For Immediate Release November 13, 2020

City’s health care anchors to receive $43 million over 5 years from state rate-setting commission.

The Maryland state agency dedicated to containing the state’s health care costs has awarded Baltimore’s two academic medical centers $43 million over five years to take on the type 2 diabetes epidemic as part of a statewide population health initiative.

The University of Maryland Medical Center and Johns Hopkins Health System will collaborate to create the Baltimore Metropolitan Diabetes Regional Partnership, which will work with community organizations to increase the number of available city-based programs to prevent or delay type 2 diabetes, and to increase access to community-based diabetes management programs to help people in the Greater Baltimore region who live with diabetes improve their health outcomes.

The Maryland Health Services Cost Review Commission (HSCRC) awarded Baltimore’s two anchor health care organizations $43,299,985 over five years to expand the Centers for Disease Control and Prevention (CDC) National Diabetes Prevention Program and American Diabetes Association-recognized Diabetes Self-Management Education and Support programs, evidence-based Centers for Medicare & Medicaid Services-reimbursed diabetes prevention and management services.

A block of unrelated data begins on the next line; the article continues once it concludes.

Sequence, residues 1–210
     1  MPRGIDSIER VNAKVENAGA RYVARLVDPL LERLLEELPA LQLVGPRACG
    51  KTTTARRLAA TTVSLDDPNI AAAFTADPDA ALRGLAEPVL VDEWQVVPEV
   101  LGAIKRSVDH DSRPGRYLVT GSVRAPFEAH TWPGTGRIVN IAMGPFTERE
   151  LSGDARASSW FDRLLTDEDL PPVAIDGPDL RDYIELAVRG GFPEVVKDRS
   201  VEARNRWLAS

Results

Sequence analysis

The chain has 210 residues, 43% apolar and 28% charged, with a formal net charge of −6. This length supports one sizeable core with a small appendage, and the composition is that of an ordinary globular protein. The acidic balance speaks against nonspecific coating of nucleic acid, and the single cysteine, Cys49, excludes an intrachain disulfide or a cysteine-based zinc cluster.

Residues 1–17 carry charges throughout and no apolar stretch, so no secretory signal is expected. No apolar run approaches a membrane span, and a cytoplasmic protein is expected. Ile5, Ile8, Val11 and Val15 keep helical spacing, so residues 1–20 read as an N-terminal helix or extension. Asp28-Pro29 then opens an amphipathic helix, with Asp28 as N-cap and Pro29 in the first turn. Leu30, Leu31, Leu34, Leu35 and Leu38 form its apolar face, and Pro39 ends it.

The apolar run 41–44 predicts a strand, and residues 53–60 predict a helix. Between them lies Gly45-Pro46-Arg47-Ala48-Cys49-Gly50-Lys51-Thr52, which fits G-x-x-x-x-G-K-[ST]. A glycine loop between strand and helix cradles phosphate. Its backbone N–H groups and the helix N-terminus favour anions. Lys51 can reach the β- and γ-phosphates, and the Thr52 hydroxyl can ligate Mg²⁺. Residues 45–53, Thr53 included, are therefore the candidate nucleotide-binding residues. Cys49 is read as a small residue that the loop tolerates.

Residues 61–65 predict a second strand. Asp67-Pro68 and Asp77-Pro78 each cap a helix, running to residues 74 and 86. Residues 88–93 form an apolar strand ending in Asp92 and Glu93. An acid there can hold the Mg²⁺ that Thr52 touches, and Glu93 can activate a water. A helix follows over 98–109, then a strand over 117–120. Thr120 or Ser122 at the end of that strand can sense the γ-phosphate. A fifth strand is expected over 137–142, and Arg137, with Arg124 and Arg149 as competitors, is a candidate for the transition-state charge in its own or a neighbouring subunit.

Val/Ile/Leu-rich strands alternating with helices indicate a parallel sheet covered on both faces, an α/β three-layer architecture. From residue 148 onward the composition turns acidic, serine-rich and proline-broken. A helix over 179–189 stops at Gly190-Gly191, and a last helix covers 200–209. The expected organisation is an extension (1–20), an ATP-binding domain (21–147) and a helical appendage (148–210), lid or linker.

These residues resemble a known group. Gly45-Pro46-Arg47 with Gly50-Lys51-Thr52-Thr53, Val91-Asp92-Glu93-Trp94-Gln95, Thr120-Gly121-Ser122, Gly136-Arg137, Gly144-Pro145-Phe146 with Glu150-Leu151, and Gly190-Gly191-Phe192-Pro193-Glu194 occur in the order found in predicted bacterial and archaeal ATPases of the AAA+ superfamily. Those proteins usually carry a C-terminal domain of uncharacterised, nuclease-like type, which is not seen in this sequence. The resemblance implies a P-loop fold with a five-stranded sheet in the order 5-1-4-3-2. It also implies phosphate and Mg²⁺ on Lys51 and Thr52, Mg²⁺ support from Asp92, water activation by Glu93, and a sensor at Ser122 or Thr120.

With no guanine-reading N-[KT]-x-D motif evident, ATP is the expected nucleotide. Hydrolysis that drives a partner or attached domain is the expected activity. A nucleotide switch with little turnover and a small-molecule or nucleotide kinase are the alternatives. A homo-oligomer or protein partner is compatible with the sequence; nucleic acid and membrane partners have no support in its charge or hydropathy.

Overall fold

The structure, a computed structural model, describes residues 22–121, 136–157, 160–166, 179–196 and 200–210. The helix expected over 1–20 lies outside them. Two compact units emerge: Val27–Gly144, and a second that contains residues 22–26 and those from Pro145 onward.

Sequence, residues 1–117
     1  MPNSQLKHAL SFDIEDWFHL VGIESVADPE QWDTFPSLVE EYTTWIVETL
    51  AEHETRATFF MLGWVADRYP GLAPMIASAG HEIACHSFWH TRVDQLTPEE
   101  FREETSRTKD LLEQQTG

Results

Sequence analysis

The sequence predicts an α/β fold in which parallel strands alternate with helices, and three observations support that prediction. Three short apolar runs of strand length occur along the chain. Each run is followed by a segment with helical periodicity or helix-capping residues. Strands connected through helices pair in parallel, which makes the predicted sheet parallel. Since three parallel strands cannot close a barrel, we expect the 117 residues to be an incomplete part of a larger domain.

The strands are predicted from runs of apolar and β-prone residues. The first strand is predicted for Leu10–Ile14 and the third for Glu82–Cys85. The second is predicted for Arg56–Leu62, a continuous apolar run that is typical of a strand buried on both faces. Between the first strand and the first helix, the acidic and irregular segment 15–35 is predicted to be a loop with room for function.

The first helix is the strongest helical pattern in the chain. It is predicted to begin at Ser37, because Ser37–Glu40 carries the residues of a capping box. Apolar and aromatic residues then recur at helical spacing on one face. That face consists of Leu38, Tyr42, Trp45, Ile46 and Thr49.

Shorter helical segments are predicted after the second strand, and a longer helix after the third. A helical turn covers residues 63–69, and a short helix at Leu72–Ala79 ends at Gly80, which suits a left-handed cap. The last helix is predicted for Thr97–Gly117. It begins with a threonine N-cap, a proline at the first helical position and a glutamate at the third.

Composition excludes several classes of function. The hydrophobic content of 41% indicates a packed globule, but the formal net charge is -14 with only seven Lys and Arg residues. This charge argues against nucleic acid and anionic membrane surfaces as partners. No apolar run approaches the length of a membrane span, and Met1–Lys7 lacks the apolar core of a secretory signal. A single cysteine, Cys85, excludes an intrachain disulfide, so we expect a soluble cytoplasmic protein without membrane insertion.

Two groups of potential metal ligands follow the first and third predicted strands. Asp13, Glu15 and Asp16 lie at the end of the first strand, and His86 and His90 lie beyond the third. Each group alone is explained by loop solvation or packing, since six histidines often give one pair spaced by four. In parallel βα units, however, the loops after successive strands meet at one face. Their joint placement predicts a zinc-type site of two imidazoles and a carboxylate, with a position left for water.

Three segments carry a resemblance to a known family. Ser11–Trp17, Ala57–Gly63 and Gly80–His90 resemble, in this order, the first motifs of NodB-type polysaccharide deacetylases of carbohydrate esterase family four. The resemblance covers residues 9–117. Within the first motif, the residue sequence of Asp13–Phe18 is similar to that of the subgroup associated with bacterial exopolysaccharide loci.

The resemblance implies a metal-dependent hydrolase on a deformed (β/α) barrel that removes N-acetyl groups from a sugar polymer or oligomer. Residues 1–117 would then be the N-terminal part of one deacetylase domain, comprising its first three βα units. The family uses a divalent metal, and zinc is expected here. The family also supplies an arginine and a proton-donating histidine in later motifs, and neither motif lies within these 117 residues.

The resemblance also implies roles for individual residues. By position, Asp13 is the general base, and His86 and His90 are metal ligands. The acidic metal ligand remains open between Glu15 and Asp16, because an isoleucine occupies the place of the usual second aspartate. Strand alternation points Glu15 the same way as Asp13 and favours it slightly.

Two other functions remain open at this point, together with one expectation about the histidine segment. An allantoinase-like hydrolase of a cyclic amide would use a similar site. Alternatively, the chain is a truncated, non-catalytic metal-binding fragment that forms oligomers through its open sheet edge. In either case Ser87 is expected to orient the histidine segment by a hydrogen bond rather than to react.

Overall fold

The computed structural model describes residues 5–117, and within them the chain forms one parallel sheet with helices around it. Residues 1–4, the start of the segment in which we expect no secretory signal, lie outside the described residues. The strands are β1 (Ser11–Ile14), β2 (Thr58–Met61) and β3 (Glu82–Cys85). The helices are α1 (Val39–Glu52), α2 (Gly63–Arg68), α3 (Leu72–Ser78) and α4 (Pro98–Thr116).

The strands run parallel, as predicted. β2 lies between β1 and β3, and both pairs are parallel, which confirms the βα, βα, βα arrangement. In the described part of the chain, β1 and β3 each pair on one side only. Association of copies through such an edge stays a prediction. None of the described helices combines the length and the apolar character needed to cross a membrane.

“Diabetes ranks among the highest-cost conditions to our health care and public health systems, and is a disease of racial and socioeconomic health inequalities,” says Felicia Hill-Briggs, professor at the Johns Hopkins University School of Medicine and senior director of population health research and development for Johns Hopkins Medicine. “This HSCRC award provides unprecedented opportunity to reduce the burden of diabetes in Maryland by bringing high-quality, proven prevention and self-management training programs right to community venues where they can be accessed by those most at risk, with the infrastructure and capacity-building for these programs to remain sustainable long term.”

Anne Williams

Anne D. Williams, DNP, MS, RN

"We appreciate the HSCRC's significant investment in this new partnership which will enable us to expand our community-based programs to provide patients with type 2 diabetes the tools to help them better manage their disease and to develop educational resources for prevention, which is critical to stemming this escalating public health threat," says Anne D. Williams, DNP, MS, RN, Director of Community Health Improvement at the University of Maryland Medical System.

The awards come with the requirement that the hospitals partner with community-based care delivery sites and offer services in non-health care settings.

The Johns Hopkins Health System will expand the successful diabetes prevention program offered by the Johns Hopkins Brancati Center for the Advancement of Community Care, the first such program in the city to achieve full recognition by the CDC. Since 2015, the Brancati Center, named for the late Johns Hopkins diabetes researcher and physician Frederick Brancati, has consistently exceeded national diabetes prevention benchmarks in program participation, client retention and weight loss. Johns Hopkins' portion of the grant will be managed by its Office of Population Health.